Average hair cadmium levels in the group with learning disabilities was 1.7 ppm. Similar findings regarding toxic metal exposure levels were found for dyslexic children(10) and autistic children(16). A study of dyslexic children with normal IQS found the dyslexic group had a cadmium hair level average of 2.6 ppm, 25 times that of the control group(10) and exceeding the maximum of the normal acceptable range. The dyslexic group also had somewhat higher aluminum and copper levels. Studies of groups with schizophrenia have found increased levels of copper and mercury and reduced levels of zinc, magnesium and calcium, which are known to be inhibited by heavy metals and affect neurotransmitter levels(48,49).

These toxic metals have also been found similarly to have significant behavioral and emotional effects on children and adults(6-8,11,14-16,43).

One group of students were scored by their classroom teacher on the Walker Problem Behavior Identification Checklist(WPBIC). A combined hair level score for mercury, lead, arsenic, cadmium and aluminum was found to be significantly related to increased scores on the WPBIC subscales measuring acting-out, disturbed peer relations, immaturity, and the total score(6) among a population of students with no known acute exposures. The combined metals score explained 23 % of the difference of the total WPBIC score, and 16 to 29% of the differences on the subscales for withdrawal, acting out, disturbed peer relations, distractibility, and immaturity(6).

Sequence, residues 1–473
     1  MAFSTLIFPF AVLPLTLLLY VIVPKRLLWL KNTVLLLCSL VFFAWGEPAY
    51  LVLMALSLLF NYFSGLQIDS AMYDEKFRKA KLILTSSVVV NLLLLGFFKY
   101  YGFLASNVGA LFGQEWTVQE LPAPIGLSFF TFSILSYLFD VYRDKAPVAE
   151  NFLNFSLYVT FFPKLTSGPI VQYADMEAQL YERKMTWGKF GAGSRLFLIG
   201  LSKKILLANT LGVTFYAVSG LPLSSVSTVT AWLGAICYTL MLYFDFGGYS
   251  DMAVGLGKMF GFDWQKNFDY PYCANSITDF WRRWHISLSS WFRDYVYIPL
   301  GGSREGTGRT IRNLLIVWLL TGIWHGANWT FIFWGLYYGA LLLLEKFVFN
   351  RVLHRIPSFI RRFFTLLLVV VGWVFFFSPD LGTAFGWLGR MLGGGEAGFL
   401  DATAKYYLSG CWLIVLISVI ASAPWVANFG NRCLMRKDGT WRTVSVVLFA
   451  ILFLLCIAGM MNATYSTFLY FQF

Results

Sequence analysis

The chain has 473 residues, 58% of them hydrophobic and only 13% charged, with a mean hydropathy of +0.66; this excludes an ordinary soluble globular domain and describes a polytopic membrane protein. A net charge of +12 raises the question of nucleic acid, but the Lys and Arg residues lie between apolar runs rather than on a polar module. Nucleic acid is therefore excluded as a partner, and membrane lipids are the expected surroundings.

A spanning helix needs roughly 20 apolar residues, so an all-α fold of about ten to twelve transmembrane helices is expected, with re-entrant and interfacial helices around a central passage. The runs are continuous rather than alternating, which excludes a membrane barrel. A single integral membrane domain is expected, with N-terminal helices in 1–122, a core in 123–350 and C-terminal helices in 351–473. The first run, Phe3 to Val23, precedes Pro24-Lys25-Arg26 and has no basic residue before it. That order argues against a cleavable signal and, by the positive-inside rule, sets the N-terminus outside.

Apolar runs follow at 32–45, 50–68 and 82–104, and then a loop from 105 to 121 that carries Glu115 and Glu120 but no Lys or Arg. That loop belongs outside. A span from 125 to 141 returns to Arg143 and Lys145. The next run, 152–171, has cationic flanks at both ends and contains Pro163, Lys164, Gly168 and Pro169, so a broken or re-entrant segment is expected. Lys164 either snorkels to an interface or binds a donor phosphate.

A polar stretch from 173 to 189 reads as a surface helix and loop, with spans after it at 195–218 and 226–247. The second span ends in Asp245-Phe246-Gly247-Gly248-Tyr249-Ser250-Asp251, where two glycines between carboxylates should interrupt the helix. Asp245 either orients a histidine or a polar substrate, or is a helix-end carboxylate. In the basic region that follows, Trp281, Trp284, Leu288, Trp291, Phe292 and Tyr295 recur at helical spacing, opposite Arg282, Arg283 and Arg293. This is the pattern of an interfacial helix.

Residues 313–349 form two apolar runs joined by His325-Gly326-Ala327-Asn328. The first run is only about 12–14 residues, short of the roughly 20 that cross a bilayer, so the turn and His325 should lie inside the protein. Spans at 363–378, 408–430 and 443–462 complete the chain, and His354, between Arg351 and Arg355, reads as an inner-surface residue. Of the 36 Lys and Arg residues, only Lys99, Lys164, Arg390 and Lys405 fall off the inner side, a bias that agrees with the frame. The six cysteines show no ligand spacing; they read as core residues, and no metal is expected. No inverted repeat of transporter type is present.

Similar results were found in the other studies, and have been found to have implications not only in the classroom but on relations at home, on driving habits, and on job performance. Studies have found evidence that abnormal metal and trace elements affected by metal exposure appear to be a factor associated with aggressive or violent behavior(37,60-62), and that hair trace metal analyses may be a useful tool for identifying those prone to such behavior. Similar tests in the California juvenile justice system have found significant relations to classroom achievement, juvenile delinquency, and criminality.

Three studies in the California prison system found those in prison for violent activity had significantly higher levels of hair manganese than controls(61,37). Like several other studies they found higher levels of such toxic metals in blacks than in Caucasian populations. Studies of an area in Australia with much higher levels of violence as well as autopsies of several mass murderers also found high levels of manganese to be a common factor(37). Such violent behavior has long been known in those with high manganese exposure.

Studies have previously found that low levels of lead exposure is significantly related to hyperactivity and attention deficit(20a), school cognitive performance(20a,23,50,60a), behavioral problems(21,22), mental disorders(24), allergies(60), growth(54), gestational age(54), and spontaneous abortions(60).

In one study children’s umbilical cord blood at birth was recorded and a teacher assessment of learning/behavioral characteristics completed at the end of the school year at age 8 (20a). Girls with higher than average(> 10 ug/dL) chord blood level were found to be more likely to be dependent, inpersistant, and have an inflexible approach to tasks. (10 ug/dL blood approx. 8 ppm hair, #52) Boys with higher than average chord blood level were found to be more likely to have problems following simple directions or sequences of directions.